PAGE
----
Courts and review panels of various kinds persist in requiring that criminal justice and mental health authorities make predictions about the possible violent conduct of patients and prisoners. The demand for such assessments seems to be increasing rather than decreasing despite the well published evedence from many studies that clinicians as a whole do not possess the required expertise.
The Violence Prediction Scheme (VPS) starts out by reviewing the current state of affairs. It then proceeds to suggest that overall prediction accuracy can likely be improved substantially if: (a) clinicians disqualify themselves from making forecasts in instances where they lack competence and impartiality, and (b) having agreed to
conducet an evaluation, they set about doing the task in an orderly and systematic fashion.
The guide is grounded in the general psychiatric and psychological literatures. The evaluation is completed in two stages. The first part, actuarial, stresses the use of a Risk Assessment Guide (RAG) to isolate twelve key factors from file and background materials. The variables are then weighted and combined into a form which yields a specific probability figure. Factors and weights are derived from research based on a particular large sample of mentally disordered men who had in the past committed serious violent offences and whose conduct had been followed for some seven years after release from a secure hospital. The second stage, clinical, offers evaluators a set of ten variables which singly or in combination allow the clinician to exercise some discretion in modifying the actuarial probability figure up or down. The clinical items are organized for convenience around a mnemonic device called ASSESS-LIST. Examples of ASSESS-LIST items are antecedent history, self presentation, supervision, and treatment progress. Clinicians are urged to be conservative in making adjustments to the previoulsy-established RAG scores. Stress is laid on the idea that the scheme outlined in the text will require further validation.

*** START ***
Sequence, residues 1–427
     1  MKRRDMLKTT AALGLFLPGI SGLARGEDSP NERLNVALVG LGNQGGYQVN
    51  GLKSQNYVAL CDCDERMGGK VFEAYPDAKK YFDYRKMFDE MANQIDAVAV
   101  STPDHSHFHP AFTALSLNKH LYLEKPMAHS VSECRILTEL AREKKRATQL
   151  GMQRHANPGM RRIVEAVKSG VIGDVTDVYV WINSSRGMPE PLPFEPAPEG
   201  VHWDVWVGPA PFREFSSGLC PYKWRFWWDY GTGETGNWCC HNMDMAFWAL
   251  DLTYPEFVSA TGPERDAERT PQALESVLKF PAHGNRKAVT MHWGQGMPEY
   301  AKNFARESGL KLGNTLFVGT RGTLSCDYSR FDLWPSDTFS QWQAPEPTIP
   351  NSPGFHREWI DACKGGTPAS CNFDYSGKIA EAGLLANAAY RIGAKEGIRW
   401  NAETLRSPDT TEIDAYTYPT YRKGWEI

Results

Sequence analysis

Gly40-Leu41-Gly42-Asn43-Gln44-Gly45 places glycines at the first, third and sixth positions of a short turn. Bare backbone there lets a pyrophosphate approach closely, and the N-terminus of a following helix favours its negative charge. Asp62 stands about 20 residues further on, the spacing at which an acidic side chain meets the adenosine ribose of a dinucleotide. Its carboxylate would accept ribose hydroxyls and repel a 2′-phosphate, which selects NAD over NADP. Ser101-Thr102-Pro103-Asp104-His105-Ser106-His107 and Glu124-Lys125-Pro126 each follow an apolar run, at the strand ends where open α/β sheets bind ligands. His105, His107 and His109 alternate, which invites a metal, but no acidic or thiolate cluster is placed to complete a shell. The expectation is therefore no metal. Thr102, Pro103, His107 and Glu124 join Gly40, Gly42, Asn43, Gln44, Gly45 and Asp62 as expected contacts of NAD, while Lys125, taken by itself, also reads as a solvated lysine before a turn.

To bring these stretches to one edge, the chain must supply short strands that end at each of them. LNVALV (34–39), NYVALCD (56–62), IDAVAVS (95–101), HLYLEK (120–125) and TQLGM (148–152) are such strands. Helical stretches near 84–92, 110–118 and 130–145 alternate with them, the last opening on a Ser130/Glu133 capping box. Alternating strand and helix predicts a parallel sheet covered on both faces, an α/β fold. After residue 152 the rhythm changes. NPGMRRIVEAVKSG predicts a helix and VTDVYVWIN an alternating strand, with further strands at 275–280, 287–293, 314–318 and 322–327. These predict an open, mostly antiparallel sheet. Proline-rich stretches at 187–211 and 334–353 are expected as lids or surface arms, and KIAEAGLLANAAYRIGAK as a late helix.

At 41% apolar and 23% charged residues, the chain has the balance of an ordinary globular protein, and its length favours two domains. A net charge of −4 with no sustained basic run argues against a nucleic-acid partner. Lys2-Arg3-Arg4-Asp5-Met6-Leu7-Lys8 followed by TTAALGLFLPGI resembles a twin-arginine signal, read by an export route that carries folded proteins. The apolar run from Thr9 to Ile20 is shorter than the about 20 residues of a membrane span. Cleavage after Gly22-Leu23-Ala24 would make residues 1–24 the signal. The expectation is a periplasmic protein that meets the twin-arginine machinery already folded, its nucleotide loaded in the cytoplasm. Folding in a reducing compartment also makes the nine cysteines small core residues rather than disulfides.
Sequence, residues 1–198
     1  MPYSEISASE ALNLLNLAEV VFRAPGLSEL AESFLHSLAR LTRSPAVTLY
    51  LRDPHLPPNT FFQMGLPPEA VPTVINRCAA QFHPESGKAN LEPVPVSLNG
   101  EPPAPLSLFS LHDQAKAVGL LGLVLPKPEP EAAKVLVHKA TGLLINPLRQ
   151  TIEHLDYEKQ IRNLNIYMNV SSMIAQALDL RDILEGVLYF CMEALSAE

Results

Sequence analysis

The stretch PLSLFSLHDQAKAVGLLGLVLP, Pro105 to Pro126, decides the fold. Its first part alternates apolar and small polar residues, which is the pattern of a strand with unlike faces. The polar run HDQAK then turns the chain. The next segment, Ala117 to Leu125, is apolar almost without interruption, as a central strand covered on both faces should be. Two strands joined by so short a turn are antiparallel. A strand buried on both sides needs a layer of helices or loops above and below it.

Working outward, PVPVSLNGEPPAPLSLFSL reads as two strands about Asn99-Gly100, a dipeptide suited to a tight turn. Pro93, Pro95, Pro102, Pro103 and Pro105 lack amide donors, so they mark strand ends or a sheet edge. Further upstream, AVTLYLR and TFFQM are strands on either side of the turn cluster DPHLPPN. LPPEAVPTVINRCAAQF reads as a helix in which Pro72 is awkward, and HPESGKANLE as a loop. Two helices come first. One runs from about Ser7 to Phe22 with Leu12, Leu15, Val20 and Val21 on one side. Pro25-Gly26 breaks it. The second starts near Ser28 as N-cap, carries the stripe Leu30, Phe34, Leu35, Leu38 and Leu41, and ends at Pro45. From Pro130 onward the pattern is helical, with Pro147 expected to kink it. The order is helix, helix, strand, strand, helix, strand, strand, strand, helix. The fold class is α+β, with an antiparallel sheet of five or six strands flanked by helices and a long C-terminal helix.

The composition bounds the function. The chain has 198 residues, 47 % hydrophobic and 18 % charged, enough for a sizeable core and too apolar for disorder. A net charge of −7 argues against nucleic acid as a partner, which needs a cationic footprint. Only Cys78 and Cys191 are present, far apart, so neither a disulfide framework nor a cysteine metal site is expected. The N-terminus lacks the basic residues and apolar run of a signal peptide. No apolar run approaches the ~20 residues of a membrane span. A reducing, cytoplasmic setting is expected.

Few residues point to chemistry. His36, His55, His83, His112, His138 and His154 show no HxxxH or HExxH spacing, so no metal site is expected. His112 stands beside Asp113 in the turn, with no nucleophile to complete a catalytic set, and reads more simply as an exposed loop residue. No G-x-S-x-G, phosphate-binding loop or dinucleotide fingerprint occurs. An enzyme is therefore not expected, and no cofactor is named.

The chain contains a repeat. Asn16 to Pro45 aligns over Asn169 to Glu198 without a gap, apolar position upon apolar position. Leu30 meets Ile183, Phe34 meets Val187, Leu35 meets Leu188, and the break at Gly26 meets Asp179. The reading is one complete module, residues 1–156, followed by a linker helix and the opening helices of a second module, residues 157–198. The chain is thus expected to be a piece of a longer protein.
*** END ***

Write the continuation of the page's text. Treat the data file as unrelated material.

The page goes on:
Whatever the eventual reliability and accuracy of the VPS may prove to be, close consideration of items in the clinical indicators list should, in the meantime, suggest approaches to treatment and remediation which may lower risk to the public. Certainly it will need modification and substantiation when used for purposes different than those described in this guide. The point is made that those who conduct evaluations have a responsibility to ensure that their predictions are amenable to analysis according to a scheme such as offered here or some other generally agreed and publicly-stated device.
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Table of Contents:
List of Tables and Figures
Framing the Issues: The Literature on Prediction of Violence
Coping with Demand: Legal and Political Pressures
Deciding to Assess: Approaching or Avoiding the Task
Assessing Clinical Factors: Integrating Clinical and Actuarial Judgements
Conveying the Results: Preparation of Reports
Appendix A: An Example of a Psycho-Social Assessment
Appendix B: An Example of the Actuarial Risk Appraisal
Appendix C: Static Predictors of Violent Recidivism in Mentally Disordered Offenders
Notes on Authors